The Country Chicken Farmer
(Grand Forks, B.C. Canada)
Mama Hen and her chicks
My neighbor has offered to trade me for some chicks which he’s hatching out in his two incubators which hold 60 eggs. His hens are part barred rock or red rock and his rooster is a huge Buff Orpington cross.
Eventually I want to get some Bantams so I can hatch out more of my own chicks, and I really like the green egg layers. Aside from laying interesting eggs, the hens are hardy and able to scrounge their own food.
I want to get away from buying feed with additives like medications or chemicals. The best ration is either home grown (not going to happen due to my small amount of arable land) or just plain old cracked grains that I can mix with cooked potatoes or other natural foods. I’ll put leftovers and bales of hay into their area for them to scratch, and grow worms for additional protein for them.
I’d like to build a chicken tractor, which is a pen with wheels on so you can move it around when they’ve scratched up an area.
If you grow alfalfa or fall rye in a bed, then move the tractor onto it, they’ll dig it over for you – less work for you, more nutrition for them and their eggs – a win, win situation.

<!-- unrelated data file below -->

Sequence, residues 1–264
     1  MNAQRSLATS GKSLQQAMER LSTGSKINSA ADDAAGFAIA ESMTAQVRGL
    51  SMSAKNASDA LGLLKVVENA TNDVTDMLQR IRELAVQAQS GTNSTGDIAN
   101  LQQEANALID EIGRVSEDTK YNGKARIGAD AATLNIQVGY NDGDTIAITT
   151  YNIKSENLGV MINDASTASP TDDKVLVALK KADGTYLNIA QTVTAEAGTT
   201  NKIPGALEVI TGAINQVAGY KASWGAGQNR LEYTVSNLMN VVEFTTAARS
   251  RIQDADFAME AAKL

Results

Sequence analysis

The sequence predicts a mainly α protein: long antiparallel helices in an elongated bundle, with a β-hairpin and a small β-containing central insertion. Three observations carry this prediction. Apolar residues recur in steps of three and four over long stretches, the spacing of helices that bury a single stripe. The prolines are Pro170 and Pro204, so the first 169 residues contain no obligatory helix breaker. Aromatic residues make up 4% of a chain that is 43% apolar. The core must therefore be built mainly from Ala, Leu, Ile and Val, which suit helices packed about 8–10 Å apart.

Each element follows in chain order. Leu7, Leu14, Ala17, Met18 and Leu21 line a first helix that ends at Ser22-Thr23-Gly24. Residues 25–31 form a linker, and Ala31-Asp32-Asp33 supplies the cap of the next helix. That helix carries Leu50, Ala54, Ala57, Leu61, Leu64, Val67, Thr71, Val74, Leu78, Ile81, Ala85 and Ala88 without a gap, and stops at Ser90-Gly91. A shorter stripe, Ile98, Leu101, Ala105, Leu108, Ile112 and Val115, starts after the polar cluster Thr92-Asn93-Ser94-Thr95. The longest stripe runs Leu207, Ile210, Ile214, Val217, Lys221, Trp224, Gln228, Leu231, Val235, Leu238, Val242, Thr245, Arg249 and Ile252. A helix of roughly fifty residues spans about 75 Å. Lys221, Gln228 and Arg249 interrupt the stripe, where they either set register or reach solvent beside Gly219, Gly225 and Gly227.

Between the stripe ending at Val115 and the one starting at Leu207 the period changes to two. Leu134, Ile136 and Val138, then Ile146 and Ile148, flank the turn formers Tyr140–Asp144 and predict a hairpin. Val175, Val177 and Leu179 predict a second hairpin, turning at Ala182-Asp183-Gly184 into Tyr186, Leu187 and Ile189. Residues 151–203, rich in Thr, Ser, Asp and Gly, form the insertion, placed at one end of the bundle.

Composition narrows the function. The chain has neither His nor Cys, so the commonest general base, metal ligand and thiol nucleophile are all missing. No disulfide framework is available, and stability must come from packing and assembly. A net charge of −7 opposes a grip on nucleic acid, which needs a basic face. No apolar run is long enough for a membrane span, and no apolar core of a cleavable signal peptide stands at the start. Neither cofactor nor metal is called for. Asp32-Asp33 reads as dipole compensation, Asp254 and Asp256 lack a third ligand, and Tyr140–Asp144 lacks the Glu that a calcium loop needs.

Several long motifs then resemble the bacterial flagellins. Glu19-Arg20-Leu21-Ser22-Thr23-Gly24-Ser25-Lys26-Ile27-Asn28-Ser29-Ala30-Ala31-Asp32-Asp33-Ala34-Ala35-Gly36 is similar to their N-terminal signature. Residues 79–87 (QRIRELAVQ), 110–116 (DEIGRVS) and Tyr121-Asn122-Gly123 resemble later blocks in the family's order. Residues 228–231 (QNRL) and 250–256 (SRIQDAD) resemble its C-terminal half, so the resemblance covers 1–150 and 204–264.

Apart from the great compost they provide by manuring the beds for you, as well as when you clean out their roosting area, they are avid bug destroyers and weed minimizers.
If you can provide a clean dry place to sleep, and some boxes for egg laying which are easy to clean ( I just use small cardboard boxes which can be thrown in the fire to get rid of bugs) they’ll be happy.
New chicks will arrive at the end of May, so I have to get going and build a brooder for them until they’re old enough to go into a proper pen outside.
Main requirements are a place with no draft or cold and safety from predators, and of course, a rustic garden chair so you can sit and watch their amusing antics.